For a company whose characters enjoy such global reach and popularity, Marvel Comics hasn’t always been a beacon of inclusiveness or diversity.
Nearly 75 years after its founding however, the creator of good old fashioned American superheros such as Iron Man, Spider Man, Captain America and the X-Men, is changing tack.
One of its latest creations is Ms Marvel, Kamala Khan; not just your typical superhero nor your typical Pakistani-American teenager from New Jersey. Her special power? The ability to change shape, constantly adapting in an increasingly cynical world.
Her creators hope that Kamala Khan will not only help the venerable house of Marvel to reach out to newer audiences in countries such as Pakistan but also deal with the often negative stereotypes about Muslim women in the United States.
Among those creators is Sana Amanat, the fresh-faced daughter of academics who – along with writer G Willow Wilson, a Muslim convert – drew on her own experiences to create Kamala Khan.
Amanat, who has previously worked on everything from Marvel’s ‘Iron Man 3’ to ‘Death of Spider Man’ – calls the series a “desire to explore the Muslim-American diaspora from an authentic perspective” and what it means to be young and lost amid expectations by others while also telling the story of a teenager coming to grips with having amazing powers.
The idea for Kamala Khan came after a discussion between Amanat and senior editor Stephen Wacker, as they compared stories about growing up.
From there it germinated into a “character for all those little girls who are growing up now the way you are growing up,” she recalled.
The UKAsian caught up with Amanat to find out more.
How much of Kamala Khan is based on your own teenager experiences?
It’s funny because a lot of people ask me that question. I certainly don’t have the powers although that would be amazing. It really is a universal story about a slightly awkward teenager who gets this extraordinary gift and how she deals with it and how she reacts to it more than anything else. The story draws on my personal experiences and those of many other people. So if anyone opens up a scene, where Kamala is having a typical conversation with her mother for example, then that would be something that many people would identify with.
Tell us a little bit about how it all began.
The actual idea was pitched to me and my senior director and it’s been a collaborative effort between me, the director and the writer. I sort of had a vision of what I wanted this project to be, in particular what the character would look like and her back story.
I wanted her to be very modern in the sense that she is representing a demographic that hasn’t been represented in comics or even the wider media business. It’s funny because it didn’t start out as something that NEEDED to have a particular demographic element. It was during a conversation that it came up that the Muslim Pakistani community was not a group represented anywhere and there were no positive role models from that community.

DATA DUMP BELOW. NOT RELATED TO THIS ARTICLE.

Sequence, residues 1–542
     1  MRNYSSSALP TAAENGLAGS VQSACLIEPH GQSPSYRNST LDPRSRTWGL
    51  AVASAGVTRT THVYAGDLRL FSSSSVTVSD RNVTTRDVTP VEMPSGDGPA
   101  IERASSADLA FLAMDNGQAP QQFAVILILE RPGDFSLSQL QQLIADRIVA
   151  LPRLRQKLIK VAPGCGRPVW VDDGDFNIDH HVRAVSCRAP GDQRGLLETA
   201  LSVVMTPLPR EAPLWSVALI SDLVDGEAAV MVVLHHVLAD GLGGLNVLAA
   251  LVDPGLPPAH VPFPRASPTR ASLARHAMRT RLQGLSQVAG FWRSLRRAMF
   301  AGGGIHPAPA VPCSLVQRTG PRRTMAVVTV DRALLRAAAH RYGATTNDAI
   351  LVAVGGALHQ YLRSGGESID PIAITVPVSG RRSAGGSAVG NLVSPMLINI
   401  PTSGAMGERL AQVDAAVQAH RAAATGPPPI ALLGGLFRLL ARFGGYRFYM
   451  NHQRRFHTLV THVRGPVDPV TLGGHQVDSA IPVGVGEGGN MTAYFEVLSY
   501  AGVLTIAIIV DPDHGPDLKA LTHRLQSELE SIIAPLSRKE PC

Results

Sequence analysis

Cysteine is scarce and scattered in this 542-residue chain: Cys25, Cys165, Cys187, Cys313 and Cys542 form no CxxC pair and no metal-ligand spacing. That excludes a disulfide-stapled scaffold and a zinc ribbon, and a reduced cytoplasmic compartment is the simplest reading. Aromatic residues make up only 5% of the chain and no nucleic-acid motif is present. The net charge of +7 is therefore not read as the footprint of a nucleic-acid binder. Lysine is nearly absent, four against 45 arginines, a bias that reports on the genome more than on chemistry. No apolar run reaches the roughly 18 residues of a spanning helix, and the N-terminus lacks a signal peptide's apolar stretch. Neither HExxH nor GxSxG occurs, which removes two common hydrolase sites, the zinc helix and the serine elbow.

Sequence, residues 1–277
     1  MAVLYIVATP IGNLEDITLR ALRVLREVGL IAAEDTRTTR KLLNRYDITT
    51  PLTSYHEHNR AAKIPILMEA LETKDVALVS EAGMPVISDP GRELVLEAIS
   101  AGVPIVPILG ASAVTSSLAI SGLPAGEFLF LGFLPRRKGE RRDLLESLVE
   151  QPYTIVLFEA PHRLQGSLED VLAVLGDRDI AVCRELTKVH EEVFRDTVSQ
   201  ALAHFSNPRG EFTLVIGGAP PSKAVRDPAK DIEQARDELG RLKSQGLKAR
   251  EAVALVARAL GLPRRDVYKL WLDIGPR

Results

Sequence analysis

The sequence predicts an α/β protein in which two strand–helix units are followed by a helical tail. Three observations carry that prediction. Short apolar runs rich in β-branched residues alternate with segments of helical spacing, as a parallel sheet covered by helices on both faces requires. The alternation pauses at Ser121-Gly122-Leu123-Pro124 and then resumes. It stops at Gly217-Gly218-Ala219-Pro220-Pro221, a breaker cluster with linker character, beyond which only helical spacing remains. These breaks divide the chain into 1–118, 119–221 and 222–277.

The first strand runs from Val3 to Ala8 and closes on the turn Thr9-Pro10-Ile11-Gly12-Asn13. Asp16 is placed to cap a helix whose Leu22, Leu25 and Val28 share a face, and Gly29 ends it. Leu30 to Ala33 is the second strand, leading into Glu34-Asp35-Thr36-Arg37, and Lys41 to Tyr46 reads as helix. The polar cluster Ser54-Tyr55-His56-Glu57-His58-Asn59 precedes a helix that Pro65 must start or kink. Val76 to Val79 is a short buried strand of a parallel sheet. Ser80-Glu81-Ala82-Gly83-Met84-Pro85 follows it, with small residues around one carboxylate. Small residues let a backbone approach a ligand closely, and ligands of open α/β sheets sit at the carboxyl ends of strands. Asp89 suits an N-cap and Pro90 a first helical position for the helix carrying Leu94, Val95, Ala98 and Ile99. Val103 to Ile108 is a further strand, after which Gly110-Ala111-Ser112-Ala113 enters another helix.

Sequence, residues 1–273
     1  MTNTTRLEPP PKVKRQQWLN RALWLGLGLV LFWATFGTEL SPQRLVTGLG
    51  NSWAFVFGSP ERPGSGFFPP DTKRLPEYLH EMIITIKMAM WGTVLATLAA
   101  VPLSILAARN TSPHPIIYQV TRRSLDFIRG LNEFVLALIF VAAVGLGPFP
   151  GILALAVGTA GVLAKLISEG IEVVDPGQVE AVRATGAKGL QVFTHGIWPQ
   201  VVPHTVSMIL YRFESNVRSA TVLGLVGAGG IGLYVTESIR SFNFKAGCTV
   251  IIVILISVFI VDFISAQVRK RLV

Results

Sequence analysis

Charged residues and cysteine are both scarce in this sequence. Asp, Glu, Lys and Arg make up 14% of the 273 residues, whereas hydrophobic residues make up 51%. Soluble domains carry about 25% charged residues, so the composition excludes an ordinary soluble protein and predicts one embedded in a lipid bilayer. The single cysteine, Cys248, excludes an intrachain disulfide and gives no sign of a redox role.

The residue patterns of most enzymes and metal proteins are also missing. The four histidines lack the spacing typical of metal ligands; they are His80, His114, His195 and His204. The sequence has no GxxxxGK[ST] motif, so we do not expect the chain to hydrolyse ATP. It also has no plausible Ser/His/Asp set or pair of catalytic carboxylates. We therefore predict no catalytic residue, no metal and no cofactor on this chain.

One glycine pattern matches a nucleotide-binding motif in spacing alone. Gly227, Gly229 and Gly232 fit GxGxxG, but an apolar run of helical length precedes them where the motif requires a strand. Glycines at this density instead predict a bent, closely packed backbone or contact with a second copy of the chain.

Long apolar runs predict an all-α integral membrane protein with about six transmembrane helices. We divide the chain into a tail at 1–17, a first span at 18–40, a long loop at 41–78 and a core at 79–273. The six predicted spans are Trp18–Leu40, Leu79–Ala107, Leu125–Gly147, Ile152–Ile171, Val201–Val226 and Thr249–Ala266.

There’s a lot of negativity when you see a Muslim on the news so it was time to have a character who that not only reflected a more realistic vision of a Pakistani Muslim but also a Pakistani Muslim female as well.
The hope is that in some senses it will be educational to teach people about this particular demographic. In other ways it will be humorous and heartwarming.
What was the overriding message for you growing up as a Muslim girl in America?
The one thing my dad always said to me was, ‘whatever you do, make sure it’s meaningful and make a positive impact on people whatever you do’. I think he saw it early when I entered the comics industry that it had great potential to change people’s perceptions.
It’s very exciting in that sense because we are creating this story of who Kamala Khan is. The complexities of her life, the conflicts that she’s facing and that’s more exciting than creating an arch villain, for example, which will come later. Right now her biggest challenge is not a dark villain but overcoming the ignorance and prejudices of people.
It’s a difficult time to begin with but she lives across the river from New York City where superheroes are doing amazing things all the time and she too realizes that she has to protect her world and her family and, more importantly, she’s the only who can do that.
What kind of problems did you face?
I suppose one of the biggest examples is dating as a Muslim, particularly as a Muslim woman. Although many people feel that it is a cultural thing, it’s more about parents being protective. My parents are very educated and the overriding message from them was I needed to carry myself in life in a way that people would respect me.
So I was a lot more conservative than my American friends. I wasn’t allowed to date until I was in university and I felt bad about it even then because I couldn’t tell my parents about it. But as you start coming into your own you realize that this is part of growing up and realising what you want for yourself and what’s good for you and knowing how to act so that men will respect you and it’s the only way you will get what you want and deserve from a relationship.
Kamala Khan makes her debut in February